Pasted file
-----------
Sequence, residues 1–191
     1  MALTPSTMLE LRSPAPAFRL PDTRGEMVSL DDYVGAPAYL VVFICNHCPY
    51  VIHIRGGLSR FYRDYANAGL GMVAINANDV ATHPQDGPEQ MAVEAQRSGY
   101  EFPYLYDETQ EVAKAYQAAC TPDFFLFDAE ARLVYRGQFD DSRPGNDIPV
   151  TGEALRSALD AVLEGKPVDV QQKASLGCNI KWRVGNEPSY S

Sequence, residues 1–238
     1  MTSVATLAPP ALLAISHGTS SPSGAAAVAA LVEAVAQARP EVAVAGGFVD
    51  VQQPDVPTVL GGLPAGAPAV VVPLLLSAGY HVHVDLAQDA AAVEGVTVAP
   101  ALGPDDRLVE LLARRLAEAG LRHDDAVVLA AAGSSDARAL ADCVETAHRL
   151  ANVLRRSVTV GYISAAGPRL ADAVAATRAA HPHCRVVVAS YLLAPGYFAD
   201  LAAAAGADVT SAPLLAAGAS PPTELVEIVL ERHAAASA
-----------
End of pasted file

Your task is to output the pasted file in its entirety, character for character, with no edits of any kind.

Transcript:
Sequence, residues 1–191
     1  MALTPSTMLE LRSPAPAFRL PDTRGEMVSL DDYVGAPAYL VVFICNHCPY
    51  VIHIRGGLSR FYRDYANAGL GMVAINANDV ATHPQDGPEQ MAVEAQRSGY
   101  EFPYLYDETQ EVAKAYQAAC TPDFFLFDAE ARLVYRGQFD DSRPGNDIPV
   151  TGEALRSALD AVLEGKPVDV QQKASLGCNI KWRVGNEPSY S

Sequence, residues 1–238
     1  MTSVATLAPP ALLAISHGTS SPSGAAAVAA LVEAVAQARP EVAVAGGFVD
    51  VQQPDVPTVL GGLPAGAPAV VVPLLLSAGY HVHVDLAQDA AAVEGVTVAP
   101  ALGPDDRLVE LLARRLAEAG LRHDDAVVLA AAGSSDARAL ADCVETAHRL
   151  ANVLRRSVTV GYISAAGPRL ADAVAATRAA HPHCRVVVAS YLLAPGYFAD
   201  LAAAAGADVT SAPLLAAGAS PPTELVEIVL ERHAAASA